'Everything is Not About Convenience': State, Family, and Supermarket in Middle-Class West Bengal
UC Irvine Law Review (Forthcoming)
28 Pages Posted: 3 Mar 2017 Last revised: 12 Nov 2018
Date Written: March 2, 2017
In advanced industrialized economies, planners often use middle-class understandings of how consumption does and should work to justify how costs and benefits are arranged throughout a food supply chain. This Article examines the emergence of large supermarkets in the East Indian State of West Bengal where both the category middle class and the construction of food supply chains are in flux. Via a qualitative case study of a middle-class suburb of Kolkata, the Article challenges the common argument that consumer demand drives supply and, in turn, questions the idea of middle-class consumer welfare as a stable metric that analysts can use to evaluate the transformation of food systems in India. It explores instead how supermarkets act as cultural intermediaries, attempting to connect new ideas of convenience to middleclass female sensibilities—and attempting to displace older understandings of food shopping among middle-class Bengalis as highly skilled, and often highly masculine, labor that involves intensive practices of personal service, community sociability, and, at times, local redistributive politics.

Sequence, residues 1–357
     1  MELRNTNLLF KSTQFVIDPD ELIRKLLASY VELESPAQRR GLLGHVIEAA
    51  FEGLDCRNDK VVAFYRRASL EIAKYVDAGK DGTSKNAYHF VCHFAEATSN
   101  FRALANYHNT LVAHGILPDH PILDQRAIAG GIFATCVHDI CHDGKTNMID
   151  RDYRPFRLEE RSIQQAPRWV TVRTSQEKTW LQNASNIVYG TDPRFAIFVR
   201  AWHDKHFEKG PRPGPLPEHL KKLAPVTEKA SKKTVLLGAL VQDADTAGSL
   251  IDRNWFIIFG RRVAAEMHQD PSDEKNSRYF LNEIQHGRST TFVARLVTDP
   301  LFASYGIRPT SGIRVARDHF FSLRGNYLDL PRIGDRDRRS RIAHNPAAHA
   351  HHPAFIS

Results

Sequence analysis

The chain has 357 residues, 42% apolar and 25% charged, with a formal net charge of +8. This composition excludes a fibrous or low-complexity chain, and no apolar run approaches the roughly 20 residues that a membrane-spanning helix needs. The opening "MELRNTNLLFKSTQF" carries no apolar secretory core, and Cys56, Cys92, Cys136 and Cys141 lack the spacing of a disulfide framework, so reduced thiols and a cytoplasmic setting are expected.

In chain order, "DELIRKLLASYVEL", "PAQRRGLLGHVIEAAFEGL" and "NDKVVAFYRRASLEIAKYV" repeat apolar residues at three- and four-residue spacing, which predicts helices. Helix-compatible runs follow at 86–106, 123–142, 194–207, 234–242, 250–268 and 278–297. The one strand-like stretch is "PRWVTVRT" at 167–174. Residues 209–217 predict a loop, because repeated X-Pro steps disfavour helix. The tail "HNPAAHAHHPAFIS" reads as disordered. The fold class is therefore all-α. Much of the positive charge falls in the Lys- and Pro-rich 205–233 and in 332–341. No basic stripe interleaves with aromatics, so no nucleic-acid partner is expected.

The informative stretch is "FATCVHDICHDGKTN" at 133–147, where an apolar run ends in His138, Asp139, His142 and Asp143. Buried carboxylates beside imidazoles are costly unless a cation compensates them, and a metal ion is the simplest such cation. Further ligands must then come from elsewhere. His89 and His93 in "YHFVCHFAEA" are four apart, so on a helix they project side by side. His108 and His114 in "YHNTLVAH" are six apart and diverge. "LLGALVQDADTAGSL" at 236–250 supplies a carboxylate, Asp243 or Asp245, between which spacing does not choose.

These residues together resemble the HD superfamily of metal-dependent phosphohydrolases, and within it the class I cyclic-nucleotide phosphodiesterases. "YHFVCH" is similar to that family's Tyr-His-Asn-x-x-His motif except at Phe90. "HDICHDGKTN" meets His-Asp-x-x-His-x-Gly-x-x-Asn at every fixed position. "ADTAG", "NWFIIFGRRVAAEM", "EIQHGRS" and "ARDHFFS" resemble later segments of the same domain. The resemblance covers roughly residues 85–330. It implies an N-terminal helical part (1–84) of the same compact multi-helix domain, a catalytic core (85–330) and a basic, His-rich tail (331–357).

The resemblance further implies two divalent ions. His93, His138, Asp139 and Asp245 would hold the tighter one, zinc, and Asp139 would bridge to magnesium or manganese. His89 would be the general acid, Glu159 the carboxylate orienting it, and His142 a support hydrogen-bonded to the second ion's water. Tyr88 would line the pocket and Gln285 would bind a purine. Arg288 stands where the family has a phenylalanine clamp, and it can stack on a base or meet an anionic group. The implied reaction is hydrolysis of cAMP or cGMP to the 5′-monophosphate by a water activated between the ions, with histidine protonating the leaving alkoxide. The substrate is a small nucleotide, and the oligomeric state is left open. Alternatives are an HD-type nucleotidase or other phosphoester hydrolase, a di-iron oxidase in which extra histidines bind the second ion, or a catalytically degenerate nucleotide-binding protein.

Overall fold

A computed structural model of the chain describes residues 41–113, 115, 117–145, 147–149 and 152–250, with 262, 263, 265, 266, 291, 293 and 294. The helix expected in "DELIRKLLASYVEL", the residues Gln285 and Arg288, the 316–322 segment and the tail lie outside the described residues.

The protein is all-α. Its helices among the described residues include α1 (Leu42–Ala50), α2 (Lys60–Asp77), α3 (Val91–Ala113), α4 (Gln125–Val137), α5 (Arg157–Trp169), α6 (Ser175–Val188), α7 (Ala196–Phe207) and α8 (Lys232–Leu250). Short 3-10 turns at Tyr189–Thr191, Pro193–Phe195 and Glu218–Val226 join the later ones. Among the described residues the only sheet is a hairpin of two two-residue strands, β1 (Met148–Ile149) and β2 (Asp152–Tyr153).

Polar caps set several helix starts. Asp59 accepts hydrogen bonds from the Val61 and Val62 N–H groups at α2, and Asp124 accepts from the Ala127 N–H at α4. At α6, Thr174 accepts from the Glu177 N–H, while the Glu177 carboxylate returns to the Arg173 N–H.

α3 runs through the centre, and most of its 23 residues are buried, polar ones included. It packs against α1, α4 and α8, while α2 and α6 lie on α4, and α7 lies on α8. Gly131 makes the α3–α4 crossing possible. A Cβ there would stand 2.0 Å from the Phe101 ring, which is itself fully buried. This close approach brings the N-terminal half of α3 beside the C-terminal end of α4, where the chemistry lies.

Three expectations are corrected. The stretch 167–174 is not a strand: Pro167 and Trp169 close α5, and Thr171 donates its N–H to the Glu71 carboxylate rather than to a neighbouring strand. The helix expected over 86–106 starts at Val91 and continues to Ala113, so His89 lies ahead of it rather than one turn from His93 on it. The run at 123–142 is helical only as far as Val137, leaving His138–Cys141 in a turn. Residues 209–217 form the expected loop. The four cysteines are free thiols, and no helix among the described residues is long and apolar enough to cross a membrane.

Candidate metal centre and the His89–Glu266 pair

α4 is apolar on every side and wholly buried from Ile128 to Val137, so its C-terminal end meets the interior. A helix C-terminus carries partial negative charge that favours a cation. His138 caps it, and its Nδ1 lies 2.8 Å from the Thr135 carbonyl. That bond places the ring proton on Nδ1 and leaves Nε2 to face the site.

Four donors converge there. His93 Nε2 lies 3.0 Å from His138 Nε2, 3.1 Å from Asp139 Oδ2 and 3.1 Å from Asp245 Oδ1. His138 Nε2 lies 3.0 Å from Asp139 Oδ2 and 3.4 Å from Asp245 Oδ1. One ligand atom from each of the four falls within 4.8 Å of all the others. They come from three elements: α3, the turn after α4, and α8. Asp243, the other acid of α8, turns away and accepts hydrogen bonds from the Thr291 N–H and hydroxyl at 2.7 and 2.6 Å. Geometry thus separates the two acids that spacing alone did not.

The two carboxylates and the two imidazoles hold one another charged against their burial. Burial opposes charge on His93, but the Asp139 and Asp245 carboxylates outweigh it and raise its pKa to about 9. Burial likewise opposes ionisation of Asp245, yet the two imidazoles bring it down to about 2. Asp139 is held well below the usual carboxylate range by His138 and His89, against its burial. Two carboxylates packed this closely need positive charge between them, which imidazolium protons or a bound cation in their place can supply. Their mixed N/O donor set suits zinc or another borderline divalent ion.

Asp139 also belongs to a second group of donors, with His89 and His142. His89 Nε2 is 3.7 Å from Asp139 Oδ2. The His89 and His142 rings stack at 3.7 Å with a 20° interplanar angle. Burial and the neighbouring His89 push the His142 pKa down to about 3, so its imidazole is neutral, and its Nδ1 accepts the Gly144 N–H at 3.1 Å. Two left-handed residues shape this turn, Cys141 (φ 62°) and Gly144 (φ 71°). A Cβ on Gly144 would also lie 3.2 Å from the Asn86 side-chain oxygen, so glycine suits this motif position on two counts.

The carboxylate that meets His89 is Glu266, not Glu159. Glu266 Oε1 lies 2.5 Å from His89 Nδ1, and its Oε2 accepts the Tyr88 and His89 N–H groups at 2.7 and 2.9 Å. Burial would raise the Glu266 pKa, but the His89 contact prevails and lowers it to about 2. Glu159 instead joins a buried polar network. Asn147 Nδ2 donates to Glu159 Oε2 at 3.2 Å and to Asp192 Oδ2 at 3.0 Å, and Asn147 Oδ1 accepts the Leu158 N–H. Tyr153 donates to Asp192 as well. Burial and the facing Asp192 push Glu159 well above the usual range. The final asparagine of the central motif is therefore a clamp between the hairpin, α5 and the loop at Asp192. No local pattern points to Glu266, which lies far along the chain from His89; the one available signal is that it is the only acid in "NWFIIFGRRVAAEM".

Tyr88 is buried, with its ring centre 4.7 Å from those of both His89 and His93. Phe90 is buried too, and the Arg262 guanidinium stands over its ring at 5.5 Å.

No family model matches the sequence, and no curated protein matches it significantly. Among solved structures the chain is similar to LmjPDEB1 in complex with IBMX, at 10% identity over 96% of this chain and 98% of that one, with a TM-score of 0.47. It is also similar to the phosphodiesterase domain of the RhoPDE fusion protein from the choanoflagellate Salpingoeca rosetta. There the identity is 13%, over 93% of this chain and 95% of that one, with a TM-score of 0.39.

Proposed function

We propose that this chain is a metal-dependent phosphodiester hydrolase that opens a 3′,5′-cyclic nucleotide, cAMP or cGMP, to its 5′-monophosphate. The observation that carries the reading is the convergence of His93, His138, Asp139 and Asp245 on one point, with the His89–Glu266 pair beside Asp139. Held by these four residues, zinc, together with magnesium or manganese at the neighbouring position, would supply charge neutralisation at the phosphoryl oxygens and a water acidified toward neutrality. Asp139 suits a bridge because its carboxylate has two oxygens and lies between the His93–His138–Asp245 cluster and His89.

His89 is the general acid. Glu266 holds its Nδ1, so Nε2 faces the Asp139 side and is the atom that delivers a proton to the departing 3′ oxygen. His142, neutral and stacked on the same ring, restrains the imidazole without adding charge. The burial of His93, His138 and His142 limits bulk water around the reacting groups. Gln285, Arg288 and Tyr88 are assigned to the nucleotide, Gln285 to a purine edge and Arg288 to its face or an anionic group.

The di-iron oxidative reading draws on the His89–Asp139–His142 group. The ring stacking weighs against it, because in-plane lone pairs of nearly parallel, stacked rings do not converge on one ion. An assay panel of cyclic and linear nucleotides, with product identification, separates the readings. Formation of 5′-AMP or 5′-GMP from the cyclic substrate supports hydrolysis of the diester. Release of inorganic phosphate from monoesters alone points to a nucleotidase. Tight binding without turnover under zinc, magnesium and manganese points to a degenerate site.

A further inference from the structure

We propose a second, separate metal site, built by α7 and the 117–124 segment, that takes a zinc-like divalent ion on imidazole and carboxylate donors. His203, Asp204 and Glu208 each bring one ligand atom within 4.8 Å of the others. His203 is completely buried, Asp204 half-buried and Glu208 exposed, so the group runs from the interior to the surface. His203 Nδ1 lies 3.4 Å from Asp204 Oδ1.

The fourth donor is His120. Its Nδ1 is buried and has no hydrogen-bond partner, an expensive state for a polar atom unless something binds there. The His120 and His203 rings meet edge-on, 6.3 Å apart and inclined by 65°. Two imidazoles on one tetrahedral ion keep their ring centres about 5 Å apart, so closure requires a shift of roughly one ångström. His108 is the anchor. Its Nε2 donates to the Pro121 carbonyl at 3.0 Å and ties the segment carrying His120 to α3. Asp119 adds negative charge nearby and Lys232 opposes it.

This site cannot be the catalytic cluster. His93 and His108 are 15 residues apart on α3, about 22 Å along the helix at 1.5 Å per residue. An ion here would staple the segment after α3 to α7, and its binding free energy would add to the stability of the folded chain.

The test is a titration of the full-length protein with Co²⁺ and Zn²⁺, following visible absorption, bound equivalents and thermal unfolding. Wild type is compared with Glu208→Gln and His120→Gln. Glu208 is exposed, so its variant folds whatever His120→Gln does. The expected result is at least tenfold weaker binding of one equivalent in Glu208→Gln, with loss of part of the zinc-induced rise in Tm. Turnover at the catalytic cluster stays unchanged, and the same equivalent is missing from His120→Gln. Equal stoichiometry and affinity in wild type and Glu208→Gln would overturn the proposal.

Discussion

Keywords: supermarkets, consumption, middle-class India, gender, West Bengal, food systems, food equity
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